Exploring Our Matrix
The Blog of Dr. James F. McGrath, Clarence L. Goodwin Chair in New Testament Language and Literature at Butler University, Indianapolis
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I’m not sure he’s helping.
It could be read two ways:
It’s my Father’s world, therefore believe what he tells you about it in Genesis, rather than the ideas of fallible scientists.
It’s my Father’s world, and he made it without any inconsistencies, therefore trust what you find out by studying it, rather than the words of fallible men.
The creation mythology in Genesis is a poem, never meant to convey what you twist it into.
A pity that Ussher, Bede and Lightfoot didn’t realise this. They could have saved themselves much effort. I wonder how they got it so wrong?
Probably didn’t read paleoanthropology, which better informed theologians such as the following one, are using to demonstrate how the Genesis mythology is an poignant narrative of the Neolithic Revolution:
Ched Myers (2005) The Fall. Encyclopedia of Religion and Nature. Edited by Bron Taylor. NY: Continuum. chedmyers.org/articles/ecology-faith/%E2%80%9C-fall%E2%80%9D-and-%E2%80%9Canarcho-primitivism-and-bible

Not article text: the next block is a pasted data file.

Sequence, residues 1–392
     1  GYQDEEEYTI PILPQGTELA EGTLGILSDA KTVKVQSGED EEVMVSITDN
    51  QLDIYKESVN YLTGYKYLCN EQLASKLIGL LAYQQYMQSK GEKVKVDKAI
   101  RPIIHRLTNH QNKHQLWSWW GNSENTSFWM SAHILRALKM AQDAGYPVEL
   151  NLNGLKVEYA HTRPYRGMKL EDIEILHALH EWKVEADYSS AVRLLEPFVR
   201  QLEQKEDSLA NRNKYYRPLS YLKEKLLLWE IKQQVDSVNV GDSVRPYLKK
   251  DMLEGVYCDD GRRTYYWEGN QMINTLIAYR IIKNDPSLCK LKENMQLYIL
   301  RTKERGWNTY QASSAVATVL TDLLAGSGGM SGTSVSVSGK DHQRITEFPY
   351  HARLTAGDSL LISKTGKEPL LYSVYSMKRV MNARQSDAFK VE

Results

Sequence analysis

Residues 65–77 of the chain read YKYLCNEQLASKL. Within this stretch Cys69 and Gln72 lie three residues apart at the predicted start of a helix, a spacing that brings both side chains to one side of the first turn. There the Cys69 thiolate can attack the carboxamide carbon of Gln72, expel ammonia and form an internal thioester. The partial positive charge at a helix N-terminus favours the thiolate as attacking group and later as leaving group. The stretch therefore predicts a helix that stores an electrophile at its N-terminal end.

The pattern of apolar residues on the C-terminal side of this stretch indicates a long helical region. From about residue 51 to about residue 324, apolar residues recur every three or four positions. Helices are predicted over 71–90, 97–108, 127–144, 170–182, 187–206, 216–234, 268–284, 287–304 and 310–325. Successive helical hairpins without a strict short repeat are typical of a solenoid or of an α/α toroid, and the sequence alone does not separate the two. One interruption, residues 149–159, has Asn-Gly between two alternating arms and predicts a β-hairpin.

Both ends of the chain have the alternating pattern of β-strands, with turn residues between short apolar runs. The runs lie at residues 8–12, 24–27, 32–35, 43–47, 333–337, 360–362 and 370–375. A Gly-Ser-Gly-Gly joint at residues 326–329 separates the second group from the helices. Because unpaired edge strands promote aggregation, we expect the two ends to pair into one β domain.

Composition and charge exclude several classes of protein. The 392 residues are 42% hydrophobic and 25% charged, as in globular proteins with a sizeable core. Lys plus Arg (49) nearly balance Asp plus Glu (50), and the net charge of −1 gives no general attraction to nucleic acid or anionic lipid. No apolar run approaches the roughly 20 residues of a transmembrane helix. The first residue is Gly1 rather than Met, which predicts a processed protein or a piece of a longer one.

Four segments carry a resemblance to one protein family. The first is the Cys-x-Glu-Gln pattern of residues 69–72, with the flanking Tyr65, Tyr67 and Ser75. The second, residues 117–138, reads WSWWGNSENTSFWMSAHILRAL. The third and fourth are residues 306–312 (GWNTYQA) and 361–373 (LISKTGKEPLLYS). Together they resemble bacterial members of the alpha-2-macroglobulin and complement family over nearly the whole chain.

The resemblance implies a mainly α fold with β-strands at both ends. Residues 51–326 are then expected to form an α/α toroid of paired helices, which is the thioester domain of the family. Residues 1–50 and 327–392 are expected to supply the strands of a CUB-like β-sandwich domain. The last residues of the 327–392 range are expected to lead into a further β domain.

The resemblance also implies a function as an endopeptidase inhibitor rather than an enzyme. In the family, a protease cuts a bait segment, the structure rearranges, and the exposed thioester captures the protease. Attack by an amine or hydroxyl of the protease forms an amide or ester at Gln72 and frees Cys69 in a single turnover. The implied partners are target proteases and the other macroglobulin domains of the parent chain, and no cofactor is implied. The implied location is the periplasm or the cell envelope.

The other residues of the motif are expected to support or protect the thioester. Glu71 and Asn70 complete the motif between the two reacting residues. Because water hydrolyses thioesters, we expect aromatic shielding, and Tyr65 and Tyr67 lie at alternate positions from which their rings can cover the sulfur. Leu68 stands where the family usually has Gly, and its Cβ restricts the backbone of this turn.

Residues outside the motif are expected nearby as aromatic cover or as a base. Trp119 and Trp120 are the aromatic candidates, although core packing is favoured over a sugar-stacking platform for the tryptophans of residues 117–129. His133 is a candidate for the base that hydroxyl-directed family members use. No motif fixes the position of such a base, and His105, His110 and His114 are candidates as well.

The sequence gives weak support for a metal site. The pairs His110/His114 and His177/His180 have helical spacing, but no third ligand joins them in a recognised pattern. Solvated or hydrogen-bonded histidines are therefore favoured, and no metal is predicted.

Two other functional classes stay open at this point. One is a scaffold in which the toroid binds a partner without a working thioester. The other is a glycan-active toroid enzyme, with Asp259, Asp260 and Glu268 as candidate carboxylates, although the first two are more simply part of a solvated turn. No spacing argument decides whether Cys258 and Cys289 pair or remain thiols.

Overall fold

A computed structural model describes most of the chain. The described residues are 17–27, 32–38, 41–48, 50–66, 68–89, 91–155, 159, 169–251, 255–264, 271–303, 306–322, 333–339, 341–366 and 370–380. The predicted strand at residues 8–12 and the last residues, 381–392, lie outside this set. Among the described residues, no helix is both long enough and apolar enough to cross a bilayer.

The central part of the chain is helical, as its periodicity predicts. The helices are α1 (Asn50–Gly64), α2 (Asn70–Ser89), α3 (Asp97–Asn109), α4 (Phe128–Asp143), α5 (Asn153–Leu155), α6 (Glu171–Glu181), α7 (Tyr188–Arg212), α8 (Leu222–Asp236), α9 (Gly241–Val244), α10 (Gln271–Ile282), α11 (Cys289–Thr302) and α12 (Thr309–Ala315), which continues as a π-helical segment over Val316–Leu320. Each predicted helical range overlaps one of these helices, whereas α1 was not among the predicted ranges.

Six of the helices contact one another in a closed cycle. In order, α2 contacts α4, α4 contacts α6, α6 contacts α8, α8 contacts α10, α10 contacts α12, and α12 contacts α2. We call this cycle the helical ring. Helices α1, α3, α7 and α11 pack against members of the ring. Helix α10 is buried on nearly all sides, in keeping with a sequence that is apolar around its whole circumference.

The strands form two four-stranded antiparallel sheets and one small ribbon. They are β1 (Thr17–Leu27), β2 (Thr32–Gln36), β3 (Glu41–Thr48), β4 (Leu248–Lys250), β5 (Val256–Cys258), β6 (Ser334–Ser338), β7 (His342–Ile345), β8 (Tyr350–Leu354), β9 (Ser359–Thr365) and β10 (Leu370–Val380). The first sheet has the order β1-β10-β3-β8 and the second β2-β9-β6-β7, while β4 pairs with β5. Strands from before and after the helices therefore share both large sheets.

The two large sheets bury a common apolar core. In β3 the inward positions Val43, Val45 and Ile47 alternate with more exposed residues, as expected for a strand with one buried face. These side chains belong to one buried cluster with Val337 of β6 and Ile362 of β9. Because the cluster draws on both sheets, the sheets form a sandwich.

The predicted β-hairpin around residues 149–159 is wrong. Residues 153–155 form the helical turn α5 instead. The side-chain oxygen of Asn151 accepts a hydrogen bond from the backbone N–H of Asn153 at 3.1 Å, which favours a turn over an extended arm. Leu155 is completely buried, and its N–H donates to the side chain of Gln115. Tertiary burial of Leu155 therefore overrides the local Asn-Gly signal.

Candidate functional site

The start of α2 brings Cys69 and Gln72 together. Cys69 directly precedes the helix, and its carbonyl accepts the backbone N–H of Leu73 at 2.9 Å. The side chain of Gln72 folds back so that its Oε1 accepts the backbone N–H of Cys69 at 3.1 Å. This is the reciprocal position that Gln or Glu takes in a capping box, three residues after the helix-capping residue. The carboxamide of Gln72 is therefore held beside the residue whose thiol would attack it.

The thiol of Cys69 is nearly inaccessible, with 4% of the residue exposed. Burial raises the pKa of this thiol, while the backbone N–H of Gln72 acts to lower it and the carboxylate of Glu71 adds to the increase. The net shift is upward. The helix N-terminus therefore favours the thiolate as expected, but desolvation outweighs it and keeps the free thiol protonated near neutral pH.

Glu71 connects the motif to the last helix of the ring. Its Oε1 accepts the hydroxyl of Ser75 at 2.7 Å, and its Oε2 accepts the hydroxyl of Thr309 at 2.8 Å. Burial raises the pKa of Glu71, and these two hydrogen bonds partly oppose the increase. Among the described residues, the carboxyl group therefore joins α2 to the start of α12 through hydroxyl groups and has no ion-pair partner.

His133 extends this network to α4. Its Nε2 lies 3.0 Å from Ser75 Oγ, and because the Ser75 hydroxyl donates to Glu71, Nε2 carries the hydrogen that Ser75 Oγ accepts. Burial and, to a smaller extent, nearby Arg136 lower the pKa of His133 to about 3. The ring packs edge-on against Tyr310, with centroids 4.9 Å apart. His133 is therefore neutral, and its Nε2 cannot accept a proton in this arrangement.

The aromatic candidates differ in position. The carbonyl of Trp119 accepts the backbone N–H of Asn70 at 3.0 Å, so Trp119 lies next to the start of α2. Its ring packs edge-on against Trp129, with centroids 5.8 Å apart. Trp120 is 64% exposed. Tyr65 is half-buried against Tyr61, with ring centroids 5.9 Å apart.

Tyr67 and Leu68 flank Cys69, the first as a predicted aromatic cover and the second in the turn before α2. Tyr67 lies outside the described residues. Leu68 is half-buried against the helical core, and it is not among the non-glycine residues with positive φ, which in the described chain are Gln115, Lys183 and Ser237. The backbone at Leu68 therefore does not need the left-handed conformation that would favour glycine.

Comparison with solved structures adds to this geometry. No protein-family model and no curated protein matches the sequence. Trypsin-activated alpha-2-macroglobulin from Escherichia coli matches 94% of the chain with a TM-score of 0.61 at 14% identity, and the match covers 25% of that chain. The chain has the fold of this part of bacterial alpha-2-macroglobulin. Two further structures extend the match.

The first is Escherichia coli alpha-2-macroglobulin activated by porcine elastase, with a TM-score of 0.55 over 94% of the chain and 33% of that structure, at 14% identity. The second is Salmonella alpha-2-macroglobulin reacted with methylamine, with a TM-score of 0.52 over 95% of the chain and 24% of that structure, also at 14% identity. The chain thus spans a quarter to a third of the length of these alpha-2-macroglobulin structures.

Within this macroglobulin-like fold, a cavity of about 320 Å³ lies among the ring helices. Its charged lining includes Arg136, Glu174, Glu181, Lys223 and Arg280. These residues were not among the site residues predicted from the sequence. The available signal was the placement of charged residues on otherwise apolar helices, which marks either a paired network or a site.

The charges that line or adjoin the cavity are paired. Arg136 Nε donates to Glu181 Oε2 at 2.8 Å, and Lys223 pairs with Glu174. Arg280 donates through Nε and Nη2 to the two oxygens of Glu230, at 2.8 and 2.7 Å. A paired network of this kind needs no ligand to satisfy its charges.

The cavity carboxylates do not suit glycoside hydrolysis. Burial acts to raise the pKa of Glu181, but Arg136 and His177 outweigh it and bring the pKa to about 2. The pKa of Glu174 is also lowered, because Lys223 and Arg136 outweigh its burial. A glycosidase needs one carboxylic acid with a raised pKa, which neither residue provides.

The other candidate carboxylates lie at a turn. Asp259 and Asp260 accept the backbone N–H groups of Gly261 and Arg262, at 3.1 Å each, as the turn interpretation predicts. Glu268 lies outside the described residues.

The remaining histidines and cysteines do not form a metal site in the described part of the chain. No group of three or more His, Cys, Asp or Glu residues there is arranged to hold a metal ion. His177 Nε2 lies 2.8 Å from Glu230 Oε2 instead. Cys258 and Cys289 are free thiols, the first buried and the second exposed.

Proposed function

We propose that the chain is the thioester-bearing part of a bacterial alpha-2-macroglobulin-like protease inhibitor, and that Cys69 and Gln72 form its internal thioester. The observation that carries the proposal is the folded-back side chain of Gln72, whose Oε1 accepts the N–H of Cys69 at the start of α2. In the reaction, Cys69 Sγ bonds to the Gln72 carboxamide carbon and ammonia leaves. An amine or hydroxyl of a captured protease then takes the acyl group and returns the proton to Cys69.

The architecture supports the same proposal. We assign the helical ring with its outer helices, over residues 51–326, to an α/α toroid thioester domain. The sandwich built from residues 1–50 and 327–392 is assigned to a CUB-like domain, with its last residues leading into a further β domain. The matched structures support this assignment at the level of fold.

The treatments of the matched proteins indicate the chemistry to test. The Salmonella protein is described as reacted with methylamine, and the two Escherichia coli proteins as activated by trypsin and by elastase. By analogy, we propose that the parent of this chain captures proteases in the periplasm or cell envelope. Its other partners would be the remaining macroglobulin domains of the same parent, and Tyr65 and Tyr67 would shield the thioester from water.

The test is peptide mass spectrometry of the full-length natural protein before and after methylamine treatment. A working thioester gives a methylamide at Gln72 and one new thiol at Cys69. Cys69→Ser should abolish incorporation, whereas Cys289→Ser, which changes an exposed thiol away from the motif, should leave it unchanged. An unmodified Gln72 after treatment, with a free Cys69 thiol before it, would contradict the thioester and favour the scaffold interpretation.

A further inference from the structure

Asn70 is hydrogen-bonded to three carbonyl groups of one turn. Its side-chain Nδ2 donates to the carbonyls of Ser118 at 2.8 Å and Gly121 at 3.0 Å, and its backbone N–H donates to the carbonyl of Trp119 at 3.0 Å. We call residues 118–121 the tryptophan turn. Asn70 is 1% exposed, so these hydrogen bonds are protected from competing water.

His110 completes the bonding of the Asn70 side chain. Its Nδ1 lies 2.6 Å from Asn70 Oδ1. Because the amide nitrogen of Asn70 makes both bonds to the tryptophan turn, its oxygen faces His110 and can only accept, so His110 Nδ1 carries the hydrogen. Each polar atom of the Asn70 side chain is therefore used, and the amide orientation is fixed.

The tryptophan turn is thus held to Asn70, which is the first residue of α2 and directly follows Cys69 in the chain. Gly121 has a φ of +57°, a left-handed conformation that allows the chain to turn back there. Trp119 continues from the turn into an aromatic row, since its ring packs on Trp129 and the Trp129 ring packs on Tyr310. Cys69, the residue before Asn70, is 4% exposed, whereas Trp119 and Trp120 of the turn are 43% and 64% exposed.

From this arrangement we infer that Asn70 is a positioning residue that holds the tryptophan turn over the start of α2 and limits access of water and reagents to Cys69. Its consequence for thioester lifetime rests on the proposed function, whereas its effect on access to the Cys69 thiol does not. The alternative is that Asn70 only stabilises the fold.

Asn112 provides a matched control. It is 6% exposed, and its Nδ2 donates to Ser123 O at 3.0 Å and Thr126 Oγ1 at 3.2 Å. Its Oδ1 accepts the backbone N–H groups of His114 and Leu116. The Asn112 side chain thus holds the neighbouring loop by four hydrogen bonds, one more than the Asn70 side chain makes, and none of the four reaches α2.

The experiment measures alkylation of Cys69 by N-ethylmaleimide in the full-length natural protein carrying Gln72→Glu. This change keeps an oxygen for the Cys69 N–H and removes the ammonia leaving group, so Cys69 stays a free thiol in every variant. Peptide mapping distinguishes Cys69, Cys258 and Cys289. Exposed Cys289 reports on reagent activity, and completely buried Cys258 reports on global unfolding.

That’s interesting, and plausible as a naturalistic account. I’m not sure how much of it Christians (of whom I am not one) can subscribe to.
Well a Mennonite Christian wrote it. And I’m a Christian who accepts it. That’s 2. Several movements in Christianity, including the original, started with only 1.
I don’t see magical-Platonic supernaturalism as necessary to being a Christian anyway.
“…I am a real Christian, that is to say, a disciple of the doctrines of Jesus, very different from the Platonists, who call me infidel, and themselves Christians and preachers of the gospel, while they draw all their characteristic dogmas from what it’s Author never said nor saw. they have compounded from the heathen mysteries a system beyond the comprehension of man…” ~Thomas Jefferson, letter to Charles Thomson, January 9, 1816
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